If I were to give you a brief update about what’s been going on around Shandy Hall for the past couple of months, I could accurately summarize it as: outside! Yard! Gardening things!
For instance: mulching and landscaping around the back deck, adventures with bareroot plants from Costco, the requisite summer tomatoes and basil, viburnums along the back fence line, (successfully!) dividing a feral mess of irises, and a systematic campaign of exterminating the pokeweed which the previous owner let run rampant for years and years. Oh, and removing the Bradford pears planted directly beneath a conjunction of low-hanging power lines in our backyard. Enthusiasm has conquered a certain lack of experience and knowledge.
After renting for so long, it’s thrilling to be able to change the landscape according to my whims and personal tastes. ($15 Knockout roses at Costco? Why not!)
Our most high-impact project, however, was cutting down the yews in front of our house, which had been there since it was built 60+ years ago. They were too big for the space. It was time.
Here’s the before (and a non-apology for using cell phone photos throughout). The yews had been flat-topped for so long that they looked thin and puny from the street, but also stretched forward laterally a good 3′. I’m amazed that they hadn’t gotten crushed by snow buildup.
The first step was borrowing a chainsaw and chopping down everything except for 10-12″ long stumps. The resulting mess looked impressively scruffy.
The second step was digging out the core of the root ball for each yew — four (very recently) live ones, and three dead ones. I’d read a lot of anecdata online indicating that this wouldn’t be too tough of a job for a couple of reasonably healthy adults with no history of preexisting back problems. (You’ll also find plenty of jocular “chain the stump up to the bumper of your pickup, then floor it!” advice, but we wanted to try the shovel method first. Especially since one of the bushes was growing within 6″ of our water meter and a couple of partially-buried electrical cables of still-uncertain provenance.) This took three tools: a shovel, a semi-ridiculous digging bar, and loppers. Dig dig dig, use the digging bar to chip underneath the root structure as you go, and use the loppers to sever large roots as you go along. Before I began, I pictured the stumps getting leveraged from the ground like a toppling tree, but in reality the roots keep them tightly in place more like a system of high-tension wires. The loppers were invaluable.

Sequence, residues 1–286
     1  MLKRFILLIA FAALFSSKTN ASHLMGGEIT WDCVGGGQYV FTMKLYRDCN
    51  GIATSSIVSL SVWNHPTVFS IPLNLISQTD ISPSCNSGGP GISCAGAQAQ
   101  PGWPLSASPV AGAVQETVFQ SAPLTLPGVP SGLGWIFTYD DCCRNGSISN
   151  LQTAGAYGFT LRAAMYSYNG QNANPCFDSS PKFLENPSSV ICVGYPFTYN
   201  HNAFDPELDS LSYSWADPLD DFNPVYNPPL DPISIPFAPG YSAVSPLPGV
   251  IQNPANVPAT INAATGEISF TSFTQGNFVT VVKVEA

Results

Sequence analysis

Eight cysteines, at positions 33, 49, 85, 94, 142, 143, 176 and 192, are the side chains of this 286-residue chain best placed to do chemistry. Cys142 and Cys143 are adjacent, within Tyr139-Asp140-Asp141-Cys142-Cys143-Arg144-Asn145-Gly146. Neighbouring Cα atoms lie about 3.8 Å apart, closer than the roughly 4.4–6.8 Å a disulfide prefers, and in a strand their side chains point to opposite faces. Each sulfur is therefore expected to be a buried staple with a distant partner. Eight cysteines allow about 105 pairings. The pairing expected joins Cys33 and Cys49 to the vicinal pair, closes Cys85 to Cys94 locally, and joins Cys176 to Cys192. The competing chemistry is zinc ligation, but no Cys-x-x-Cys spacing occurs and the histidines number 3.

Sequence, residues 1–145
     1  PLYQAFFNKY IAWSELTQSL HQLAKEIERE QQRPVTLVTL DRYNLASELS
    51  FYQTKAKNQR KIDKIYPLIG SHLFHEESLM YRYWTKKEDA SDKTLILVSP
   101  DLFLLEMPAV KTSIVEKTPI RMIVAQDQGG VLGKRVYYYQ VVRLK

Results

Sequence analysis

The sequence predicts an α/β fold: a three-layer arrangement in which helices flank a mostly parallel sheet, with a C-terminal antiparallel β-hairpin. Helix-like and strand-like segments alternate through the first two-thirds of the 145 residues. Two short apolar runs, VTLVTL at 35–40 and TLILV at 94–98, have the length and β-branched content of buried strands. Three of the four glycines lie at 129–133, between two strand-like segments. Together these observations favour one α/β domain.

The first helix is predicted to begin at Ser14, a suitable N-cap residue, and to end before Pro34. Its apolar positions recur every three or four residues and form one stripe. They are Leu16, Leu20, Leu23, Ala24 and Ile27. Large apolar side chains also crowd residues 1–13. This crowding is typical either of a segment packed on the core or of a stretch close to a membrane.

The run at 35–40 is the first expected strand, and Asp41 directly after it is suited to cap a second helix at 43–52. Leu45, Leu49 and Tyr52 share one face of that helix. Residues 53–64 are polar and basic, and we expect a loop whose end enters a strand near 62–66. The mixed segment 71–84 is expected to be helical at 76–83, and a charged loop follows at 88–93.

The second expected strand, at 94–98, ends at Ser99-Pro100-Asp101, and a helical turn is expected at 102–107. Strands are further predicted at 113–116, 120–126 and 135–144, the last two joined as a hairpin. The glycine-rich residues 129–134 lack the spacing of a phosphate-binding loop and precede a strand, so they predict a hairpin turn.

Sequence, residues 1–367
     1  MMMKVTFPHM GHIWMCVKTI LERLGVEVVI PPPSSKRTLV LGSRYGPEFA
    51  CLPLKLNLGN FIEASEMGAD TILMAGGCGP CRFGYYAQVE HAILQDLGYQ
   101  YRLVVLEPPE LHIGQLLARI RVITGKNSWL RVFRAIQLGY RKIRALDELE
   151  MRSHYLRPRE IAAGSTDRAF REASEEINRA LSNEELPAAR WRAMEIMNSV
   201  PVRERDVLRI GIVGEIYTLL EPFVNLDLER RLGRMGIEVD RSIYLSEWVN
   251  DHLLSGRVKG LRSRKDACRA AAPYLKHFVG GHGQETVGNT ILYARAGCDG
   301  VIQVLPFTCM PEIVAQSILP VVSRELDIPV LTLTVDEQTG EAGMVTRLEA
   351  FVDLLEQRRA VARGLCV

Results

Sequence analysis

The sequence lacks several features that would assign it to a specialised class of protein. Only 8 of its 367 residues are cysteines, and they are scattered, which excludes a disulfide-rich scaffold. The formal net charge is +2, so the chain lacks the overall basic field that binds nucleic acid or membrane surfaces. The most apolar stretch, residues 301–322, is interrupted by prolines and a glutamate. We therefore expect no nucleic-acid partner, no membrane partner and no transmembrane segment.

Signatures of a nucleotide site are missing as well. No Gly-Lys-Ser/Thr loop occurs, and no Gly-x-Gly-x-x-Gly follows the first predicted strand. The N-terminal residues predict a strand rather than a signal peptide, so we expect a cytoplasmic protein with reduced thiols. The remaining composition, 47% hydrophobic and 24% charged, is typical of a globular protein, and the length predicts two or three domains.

I pried out the dead and rotting stumps, which was easy. Pete did the live ones, which were… heavy. But, shockingly, neither of us suffered any residual back or muscle pain. It ended up being a totally do-able DIY project.
Logistical note: besides a scraggly mass of vinca, those yews were the only thing surrounding the foundation. I imagine that it’d be much more tedious trying to remove an overgrown shrub while trying to preserve the surrounding landscaping.
The third step was the most fun one: PLANT ALL THE THINGS. (Preceded by step 2.5: TRANSPORT ALL THE THINGS in your surprisingly roomy compact hatchback.) (It also helps when one of your local nurseries has free popcorn, a large selection of outdoor play equipment, and golf carts for you to rattle merrily around the tree nursery on.)
(That’s our painter touching up the shutters.)
It’s all pretty standard suburban stuff for our part-sun / part-shade area: some boxwoods, spirea, deutzia, hostas, a rhododendron around the north-facing side of the house, and a coral bark Japanese maple which we have dutifully planted the proper distance away from the house for its full height (which will probably only be realized in, like, 20 years). Oh, and a dozen bags of mulch. When the Home Depot lady gives you flack over the number of bags of mulch that you’re buying for your front foundation plantings, do not budge. You need a lot of mulch.
You might want to reconsider re-routing your gutters away from your newly-revealed dirt, however.